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President Maduro Calls For Summit In Defense Of The Amazon

Above Photo: President Maduro speaks to the press upon his arrival in Egypt to attend the UN climate summit COP27. Twitter / @NicolasMaduro.

On Saturday, November 5, the president of Venezuela, Nicolás Maduro, announced the proposal for a South American summit in defense of the Amazon rainforest.

Upon his arrival in Egypt to participate in the 27th Conference of the Parties to the United Nations Framework Convention on Climate Change (COP27), President Maduro said that he discussed the issue with his Colombian counterpart, Gustavo Petro, and the president-elect of Brazil, Luiz Inácio Lula da Silva.

“We have proposed to Petro and Lula to soon hold a South American summit in defense of the Amazon and to reactivate the Defense Treaty Organization to make concrete proposals so that humanity and governments commit to finance the recovery of that region,” he explained.

He expressed the urgent need to resume the defense and recovery of the Amazon and to firmly and decisively stop all processes that contribute to the destruction of the forest, which is called the “lungs of the world.”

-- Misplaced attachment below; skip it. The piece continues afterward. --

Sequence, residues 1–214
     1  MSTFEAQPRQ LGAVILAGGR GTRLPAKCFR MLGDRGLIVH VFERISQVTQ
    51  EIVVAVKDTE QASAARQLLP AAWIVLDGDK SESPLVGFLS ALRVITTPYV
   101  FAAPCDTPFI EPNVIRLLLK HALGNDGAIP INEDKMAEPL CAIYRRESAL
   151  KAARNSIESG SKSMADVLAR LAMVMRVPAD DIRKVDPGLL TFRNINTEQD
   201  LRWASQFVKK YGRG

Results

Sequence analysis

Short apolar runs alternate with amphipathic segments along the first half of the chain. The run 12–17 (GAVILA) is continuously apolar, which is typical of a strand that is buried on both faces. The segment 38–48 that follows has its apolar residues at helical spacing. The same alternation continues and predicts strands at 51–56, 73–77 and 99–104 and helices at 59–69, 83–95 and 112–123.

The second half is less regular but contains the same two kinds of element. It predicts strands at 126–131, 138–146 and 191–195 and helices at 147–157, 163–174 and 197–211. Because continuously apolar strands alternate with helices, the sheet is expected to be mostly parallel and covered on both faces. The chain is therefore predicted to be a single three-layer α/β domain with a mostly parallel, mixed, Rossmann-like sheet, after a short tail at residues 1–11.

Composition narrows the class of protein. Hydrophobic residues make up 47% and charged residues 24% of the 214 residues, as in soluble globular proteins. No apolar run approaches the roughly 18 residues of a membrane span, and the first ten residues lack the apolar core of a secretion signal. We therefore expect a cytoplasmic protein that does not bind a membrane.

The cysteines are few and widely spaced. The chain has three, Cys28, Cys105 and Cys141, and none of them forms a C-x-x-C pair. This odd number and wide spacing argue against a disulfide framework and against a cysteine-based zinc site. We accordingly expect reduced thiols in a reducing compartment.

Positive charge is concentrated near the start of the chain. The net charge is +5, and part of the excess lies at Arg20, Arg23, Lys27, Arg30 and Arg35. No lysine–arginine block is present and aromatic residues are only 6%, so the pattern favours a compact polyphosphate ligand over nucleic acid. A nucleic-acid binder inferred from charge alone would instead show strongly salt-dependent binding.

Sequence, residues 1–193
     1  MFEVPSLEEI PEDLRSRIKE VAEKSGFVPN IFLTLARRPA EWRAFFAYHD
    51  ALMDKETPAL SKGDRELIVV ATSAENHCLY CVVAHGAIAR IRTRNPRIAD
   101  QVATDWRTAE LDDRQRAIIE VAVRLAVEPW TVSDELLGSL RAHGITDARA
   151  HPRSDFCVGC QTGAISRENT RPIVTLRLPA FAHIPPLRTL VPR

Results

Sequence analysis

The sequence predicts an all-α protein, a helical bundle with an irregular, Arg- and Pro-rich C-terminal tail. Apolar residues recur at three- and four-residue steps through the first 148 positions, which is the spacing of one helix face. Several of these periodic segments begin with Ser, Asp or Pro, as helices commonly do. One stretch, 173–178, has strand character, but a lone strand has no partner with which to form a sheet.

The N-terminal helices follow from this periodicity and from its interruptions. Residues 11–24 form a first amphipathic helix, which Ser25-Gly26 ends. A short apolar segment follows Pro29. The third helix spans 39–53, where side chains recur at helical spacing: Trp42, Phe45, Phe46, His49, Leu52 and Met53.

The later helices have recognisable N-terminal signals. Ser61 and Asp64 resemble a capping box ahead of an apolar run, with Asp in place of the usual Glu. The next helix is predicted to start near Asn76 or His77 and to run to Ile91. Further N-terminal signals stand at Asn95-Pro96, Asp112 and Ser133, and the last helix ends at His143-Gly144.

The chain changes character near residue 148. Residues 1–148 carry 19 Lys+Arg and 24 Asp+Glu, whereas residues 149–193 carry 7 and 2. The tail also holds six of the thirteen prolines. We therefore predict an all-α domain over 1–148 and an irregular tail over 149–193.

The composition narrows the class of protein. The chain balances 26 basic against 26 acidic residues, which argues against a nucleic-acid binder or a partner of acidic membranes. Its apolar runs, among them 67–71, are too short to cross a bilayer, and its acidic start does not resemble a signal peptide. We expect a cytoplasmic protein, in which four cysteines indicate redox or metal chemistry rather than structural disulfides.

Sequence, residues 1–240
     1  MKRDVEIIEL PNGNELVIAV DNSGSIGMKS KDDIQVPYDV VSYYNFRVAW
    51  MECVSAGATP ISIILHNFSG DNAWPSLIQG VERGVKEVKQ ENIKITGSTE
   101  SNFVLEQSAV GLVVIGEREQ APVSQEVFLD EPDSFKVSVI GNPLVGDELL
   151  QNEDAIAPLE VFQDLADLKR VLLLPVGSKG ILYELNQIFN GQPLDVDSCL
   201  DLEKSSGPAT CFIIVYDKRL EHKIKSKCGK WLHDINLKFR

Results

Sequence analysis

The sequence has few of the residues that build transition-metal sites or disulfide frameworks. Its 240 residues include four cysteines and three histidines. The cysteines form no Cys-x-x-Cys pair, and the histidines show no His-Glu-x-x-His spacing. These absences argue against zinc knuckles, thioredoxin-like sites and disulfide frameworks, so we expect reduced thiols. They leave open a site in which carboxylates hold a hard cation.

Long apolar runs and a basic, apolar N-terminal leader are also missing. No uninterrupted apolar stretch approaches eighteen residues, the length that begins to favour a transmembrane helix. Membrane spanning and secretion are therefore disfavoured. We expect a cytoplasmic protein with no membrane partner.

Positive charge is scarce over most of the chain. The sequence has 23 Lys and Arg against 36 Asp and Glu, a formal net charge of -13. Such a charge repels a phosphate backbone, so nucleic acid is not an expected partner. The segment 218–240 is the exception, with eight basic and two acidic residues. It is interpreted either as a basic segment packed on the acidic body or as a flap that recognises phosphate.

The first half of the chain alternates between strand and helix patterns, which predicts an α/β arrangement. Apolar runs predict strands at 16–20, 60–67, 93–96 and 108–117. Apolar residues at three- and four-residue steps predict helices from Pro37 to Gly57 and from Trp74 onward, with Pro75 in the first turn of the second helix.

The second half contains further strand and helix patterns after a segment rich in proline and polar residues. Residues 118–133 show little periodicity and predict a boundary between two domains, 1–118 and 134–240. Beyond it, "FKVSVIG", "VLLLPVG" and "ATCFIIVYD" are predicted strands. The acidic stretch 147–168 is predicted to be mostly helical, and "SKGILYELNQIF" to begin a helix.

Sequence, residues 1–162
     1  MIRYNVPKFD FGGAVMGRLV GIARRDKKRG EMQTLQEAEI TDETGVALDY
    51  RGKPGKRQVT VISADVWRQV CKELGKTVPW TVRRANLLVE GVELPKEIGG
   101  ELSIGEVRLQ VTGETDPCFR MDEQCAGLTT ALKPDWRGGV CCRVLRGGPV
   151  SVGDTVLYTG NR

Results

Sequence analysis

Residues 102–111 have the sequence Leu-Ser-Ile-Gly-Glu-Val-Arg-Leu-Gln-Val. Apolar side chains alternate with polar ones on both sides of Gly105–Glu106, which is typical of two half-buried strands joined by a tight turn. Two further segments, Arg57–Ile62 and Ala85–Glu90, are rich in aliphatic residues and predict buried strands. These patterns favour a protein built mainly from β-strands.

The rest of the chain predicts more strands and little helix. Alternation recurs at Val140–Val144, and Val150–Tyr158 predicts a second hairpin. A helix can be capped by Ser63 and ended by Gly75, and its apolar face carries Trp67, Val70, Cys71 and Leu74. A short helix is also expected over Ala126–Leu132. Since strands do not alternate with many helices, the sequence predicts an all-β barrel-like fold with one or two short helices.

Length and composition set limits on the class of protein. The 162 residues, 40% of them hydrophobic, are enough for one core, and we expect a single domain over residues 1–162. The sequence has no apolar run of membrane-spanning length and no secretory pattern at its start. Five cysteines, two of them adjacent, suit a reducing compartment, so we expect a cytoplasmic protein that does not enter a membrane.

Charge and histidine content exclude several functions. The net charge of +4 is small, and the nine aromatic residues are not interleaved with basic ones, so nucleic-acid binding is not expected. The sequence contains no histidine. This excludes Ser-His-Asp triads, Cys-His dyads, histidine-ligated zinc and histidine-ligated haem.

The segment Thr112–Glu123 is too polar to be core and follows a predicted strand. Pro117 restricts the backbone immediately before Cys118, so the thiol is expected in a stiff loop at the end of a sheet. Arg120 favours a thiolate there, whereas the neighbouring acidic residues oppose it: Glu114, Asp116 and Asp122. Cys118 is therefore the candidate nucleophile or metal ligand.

The COP27 begins on Sunday and will continue until Tuesday, November 8, and upon being asked by the press what could differentiate that event from other summits, President Maduro pointed out the destructive nature of climate change.

He also referred to the near-irreversibility of the processes of global warming, the melting of the polar ice caps, and the warming and pollution of seas and rivers.

“The world is facing severe blows from nature as a result of climate change, as are we in Venezuela and humanity in general,” he said.

He pointed out that this year, the rainy season has severely hit the Caribbean region, especially Venezuela and Colombia.

“Every day we have floods, landslides, and mudslides, because there is an accumulation of heat in the Caribbean Sea, which generates torrential rainfall, especially in the northern coastal area of the nation,” said the president. “These are the direct effects of climate change.”

Various sources have reported that more than 30,000 guests will attend this year’s UN climate conference in person or by video, and 90 heads of state or government as well as representatives of more than 190 countries have confirmed their attendance.

Among the topics to be discussed at COP27 will be the urgent reduction of greenhouse gas emissions, the strengthening of resilience, and adaptation to the consequences of climate change.

The agenda also includes discussions on fulfilling the financing of climate action commitments in developing countries; these commitments had been made by developed countries in earlier summits and international bodies.

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